Col­lect­ing these sam­ples has been on the to-do list for a long time, but this win­ter has been par­tic­u­larly dry (= low river flow). The Jan­u­ary 11th rain­storm did not flood the river, but still made for a pretty excit­ing day on the water and a truck­load of great sam­ples. Emily is cur­rently pro­cess­ing these in the lab – sed­i­ment will be allowed to set­tle for about a week, and after a series of dilu­tions, will be processed using the Sedi­graph. The goal is to deter­mine size dis­tri­b­u­tions of dis­ag­gre­gated par­ti­cles in the plume.


Back to watch­ing the weather for the next big one! With any luck, we’ll see a pineap­ple express (http://www.komonews.com/weather/faq/4307577.html) sweep through west­ern Wash­ing­ton this winter.

Win­ter at the Elwha — this was the edge of the sur­face plume a day after heavy rains. Nice sed­i­ment samples!

Interesting mix of sediment

An inter­est­ing mix of grain sizes in this bed sample


Sam­ples! (Photo by Ian Miller)

August & November 2013 Elwha cruises

As part of our ongo­ing study of sed­i­ment dis­per­sal off­shore of the Elwha River, we made two sched­uled research cruises in late 2013 (August and Novem­ber). The goal of both cruises was to ser­vice two seabed instru­ment sys­tems (tripods) and sur­vey the sed­i­ment plume, water col­umn, and seabed across the sub­aque­ous delta.


Instru­ment ser­vic­ing was over­all a suc­cess, though a cou­ple unlucky instru­ments were returned to the shop rather than the ocean. We retrieved some nice data on advec­tion of muds both dur­ing the sum­mer dry sea­son and a cou­ple fall rain­storms. One of the pho­tos shows Dan Nowacki and Niall Twomey hard at work in our favorite work­space, the Port Ange­les har­bor. Hooray for no rain in both August and November!


The ship-based sur­veys were also suc­cess­ful. In Novem­ber we made our first Kas­ten cor­ing attempt since the project began. The most suc­cess­ful site yielded about 40 cm of mud, which rep­re­sents a huge change from the grav­elly sub­strate seen on many other cruises. A new sandy/muddy deposit is grow­ing out­ward from the river mouth into Fresh­wa­ter Bay, while other parts of the delta remain coarse (gravel, sand and the occa­sional boulder).


The cruises were made pos­si­ble by help from our ded­i­cated lab crew, includ­ing Andrea, Chuck, Emily, Dan, Rip, Aaron, Katie, vis­it­ing inter­na­tional stu­dents Suzan and Wen­hua (their first cruises in Wash­ing­ton State!), Kevin, Julia, and Niall, and also Nicole Har­ris from West­ern Wash­ing­ton Uni­ver­sity (who researches Elwha nearshore changes)—and of course the great crew on the R/V Barnes (Ray, Greg, and Bob). Look­ing for­ward to another great cruise in April!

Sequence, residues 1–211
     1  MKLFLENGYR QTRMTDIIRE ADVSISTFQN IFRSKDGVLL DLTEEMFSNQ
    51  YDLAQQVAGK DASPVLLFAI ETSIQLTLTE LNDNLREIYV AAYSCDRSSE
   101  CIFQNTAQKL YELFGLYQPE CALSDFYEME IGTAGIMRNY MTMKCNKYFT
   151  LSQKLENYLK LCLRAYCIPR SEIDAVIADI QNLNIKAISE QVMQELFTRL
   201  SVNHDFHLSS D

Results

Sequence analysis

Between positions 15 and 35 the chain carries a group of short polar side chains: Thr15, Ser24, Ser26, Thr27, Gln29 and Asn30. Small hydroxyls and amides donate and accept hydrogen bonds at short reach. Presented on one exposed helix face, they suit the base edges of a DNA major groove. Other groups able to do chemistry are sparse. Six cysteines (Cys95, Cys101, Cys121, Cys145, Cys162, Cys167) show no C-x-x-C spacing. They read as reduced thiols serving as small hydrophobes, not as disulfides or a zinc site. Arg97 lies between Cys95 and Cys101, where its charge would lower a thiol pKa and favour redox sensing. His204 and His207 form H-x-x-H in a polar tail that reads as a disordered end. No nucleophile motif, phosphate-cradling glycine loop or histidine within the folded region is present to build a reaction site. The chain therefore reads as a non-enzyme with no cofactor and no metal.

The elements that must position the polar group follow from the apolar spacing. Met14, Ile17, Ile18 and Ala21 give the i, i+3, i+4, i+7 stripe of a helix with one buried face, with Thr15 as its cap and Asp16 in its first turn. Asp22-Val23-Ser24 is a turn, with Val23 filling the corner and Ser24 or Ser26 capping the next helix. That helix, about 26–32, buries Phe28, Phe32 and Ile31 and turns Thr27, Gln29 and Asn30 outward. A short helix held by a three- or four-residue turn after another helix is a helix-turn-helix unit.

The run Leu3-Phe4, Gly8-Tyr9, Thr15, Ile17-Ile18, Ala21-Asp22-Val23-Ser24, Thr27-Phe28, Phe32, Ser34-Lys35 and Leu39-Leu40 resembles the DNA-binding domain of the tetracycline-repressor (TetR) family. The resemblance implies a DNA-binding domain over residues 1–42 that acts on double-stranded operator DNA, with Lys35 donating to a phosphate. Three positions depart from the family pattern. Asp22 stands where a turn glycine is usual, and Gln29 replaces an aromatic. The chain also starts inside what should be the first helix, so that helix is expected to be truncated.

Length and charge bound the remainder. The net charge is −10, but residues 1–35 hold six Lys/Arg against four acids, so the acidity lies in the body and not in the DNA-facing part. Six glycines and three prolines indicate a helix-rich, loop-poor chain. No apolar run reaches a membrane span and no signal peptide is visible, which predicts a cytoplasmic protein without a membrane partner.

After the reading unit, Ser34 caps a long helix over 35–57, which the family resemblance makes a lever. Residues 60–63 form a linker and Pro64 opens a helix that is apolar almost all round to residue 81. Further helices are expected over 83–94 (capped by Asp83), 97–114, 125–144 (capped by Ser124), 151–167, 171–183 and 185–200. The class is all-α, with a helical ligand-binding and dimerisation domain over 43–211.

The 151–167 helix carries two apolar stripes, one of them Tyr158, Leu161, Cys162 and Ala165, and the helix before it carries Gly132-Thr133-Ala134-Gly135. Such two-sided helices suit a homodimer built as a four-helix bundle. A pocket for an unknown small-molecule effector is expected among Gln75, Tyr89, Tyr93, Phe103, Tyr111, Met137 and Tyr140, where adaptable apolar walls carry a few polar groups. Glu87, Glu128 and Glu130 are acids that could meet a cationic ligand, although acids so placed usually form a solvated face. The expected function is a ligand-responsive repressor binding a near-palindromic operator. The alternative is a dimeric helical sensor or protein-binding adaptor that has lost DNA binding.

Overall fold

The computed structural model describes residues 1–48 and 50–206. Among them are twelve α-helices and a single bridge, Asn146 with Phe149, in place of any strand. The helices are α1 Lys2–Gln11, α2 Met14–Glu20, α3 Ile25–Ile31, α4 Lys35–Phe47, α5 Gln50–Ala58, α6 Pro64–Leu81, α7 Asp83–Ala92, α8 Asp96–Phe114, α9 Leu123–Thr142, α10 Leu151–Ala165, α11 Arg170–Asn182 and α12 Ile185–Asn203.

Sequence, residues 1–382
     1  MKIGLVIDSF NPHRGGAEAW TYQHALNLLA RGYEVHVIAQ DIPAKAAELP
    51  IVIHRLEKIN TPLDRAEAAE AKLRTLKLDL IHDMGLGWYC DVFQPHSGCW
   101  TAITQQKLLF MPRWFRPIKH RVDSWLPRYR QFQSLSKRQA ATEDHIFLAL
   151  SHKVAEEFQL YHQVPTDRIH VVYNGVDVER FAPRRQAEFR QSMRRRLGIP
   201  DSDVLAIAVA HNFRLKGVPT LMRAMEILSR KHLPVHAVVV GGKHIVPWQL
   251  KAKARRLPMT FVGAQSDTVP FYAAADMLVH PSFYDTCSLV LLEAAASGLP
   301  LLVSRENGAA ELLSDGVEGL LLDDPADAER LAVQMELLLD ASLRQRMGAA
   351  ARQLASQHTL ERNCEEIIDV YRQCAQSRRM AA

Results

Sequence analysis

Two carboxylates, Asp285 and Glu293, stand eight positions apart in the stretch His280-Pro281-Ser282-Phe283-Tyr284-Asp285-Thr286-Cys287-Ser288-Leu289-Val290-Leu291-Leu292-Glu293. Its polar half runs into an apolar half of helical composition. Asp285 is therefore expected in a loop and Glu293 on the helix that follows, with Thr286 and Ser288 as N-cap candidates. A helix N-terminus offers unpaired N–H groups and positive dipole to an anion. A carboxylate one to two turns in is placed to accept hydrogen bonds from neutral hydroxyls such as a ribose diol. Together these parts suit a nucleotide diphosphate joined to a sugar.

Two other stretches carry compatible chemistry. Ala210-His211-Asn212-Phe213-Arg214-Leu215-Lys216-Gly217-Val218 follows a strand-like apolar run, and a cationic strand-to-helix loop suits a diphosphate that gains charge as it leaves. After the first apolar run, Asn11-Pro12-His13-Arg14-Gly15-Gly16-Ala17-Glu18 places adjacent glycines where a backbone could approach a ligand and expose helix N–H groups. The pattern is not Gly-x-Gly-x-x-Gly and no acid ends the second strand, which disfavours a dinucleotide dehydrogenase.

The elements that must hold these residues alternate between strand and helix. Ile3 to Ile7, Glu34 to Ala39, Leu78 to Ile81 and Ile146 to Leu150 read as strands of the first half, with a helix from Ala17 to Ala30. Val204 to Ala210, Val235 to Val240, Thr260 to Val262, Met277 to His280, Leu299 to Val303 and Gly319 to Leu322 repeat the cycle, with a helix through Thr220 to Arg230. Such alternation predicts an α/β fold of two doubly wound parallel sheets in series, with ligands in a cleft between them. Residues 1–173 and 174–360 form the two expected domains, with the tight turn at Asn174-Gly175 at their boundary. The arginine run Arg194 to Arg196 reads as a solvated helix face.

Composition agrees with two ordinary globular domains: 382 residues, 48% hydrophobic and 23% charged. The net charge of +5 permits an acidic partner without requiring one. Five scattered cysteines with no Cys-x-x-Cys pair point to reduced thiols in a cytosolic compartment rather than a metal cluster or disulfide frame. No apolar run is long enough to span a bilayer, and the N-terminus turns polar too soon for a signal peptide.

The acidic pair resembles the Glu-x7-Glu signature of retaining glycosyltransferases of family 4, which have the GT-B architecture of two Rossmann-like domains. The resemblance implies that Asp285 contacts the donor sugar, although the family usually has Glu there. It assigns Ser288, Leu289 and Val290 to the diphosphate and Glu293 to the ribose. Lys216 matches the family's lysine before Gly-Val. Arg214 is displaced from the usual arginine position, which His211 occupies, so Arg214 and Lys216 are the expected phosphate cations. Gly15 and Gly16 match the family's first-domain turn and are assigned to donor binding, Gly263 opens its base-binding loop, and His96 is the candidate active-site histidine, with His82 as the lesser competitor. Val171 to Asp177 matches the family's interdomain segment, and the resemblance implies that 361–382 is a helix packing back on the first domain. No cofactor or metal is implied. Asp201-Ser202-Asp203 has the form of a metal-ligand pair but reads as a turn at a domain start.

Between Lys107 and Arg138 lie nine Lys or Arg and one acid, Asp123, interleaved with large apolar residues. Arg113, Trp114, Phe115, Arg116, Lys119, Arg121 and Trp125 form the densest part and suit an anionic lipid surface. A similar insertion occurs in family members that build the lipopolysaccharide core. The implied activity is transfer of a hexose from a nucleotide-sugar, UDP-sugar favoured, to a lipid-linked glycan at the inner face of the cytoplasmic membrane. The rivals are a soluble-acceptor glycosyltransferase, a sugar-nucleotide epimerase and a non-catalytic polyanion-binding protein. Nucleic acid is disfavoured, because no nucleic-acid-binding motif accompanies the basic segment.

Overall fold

Undergraduate Research Apprenticeship at Friday Harbor Labs, Spring 2014

We are cur­rently accept­ing appli­ca­tions for a 10-week (March 31 — June 6, 2014), 15-credit, under­grad­u­ate research appren­tice­ship, at the Uni­ver­sity of Washington’s Fri­day Har­bor Labs in the San Juan Islands, WA. This research appren­tice­ship focuses on the impacts of dams on the marine sed­i­men­tary sys­tem and the impacts of the release of reservoir-trapped sed­i­ment into the marine envi­ron­ment dur­ing dam decon­struc­tion. Dam removal projects are becom­ing an attrac­tive means of restora­tion for depleted fish­eries, river ecosys­tems, and coast­lines, but we do not yet under­stand the full range of effects our “restora­tion” will have.

With help from men­tors, stu­dents will design and com­plete indi­vid­ual research projects using data they col­lect at the Elwha River delta; as part of a larger, NSF-funded research project. Research work will be com­ple­mented by lec­tures, guest pre­sen­ta­tions, and weekly field trips to a vari­ety of nearby sed­i­men­tary envi­ron­ments. Through this class­room and expe­ri­en­tial learn­ing, stu­dents learn about the range of sed­i­men­tary processes that occur near river mouths, human impacts on coast­lines, inter­ac­tions between biol­ogy and sed­i­ment, and regional geol­ogy. The appren­tices to be recruited for this course will have the poten­tial to become informed sci­en­tists and man­agers in charge of decision-making in future restora­tion projects.

Please direct ques­tions to Dr. Andrea Ogston. Addi­tional details are avail­able here.

Milestones & Awards in the Sediment Dynamics Group

Fall 2013 was an excit­ing time for the Sed­i­ment Dynam­ics lab group!

Kris­ten Lee Web­ster gave her final pre­sen­ta­tion for the PhD, and turned in her dis­ser­ta­tion, “Sed­i­ment dis­per­sal and accu­mu­la­tion in an insu­lar sea: deltas of Puget Sound”. Con­grat­u­la­tions,  Kris­ten, on this impres­sive accomplishment!

Andrea, Kris­ten, and Chuck cel­e­brate after Kristen’s PhD defense

In addi­tion, Aaron, Emily & Katie deserve a big round of congratulations:

Aaron Fricke defended his dis­ser­ta­tion pro­posal and passed his gen­eral exam.

Emily Eidam pre­sented her MS project on the Elwha dam removal project, and was approved to move on to the PhD program.

Katie Boldt won an AGU Out­stand­ing Stu­dent Paper Award for her pre­sen­ta­tion at Fall AGU in San Francisco.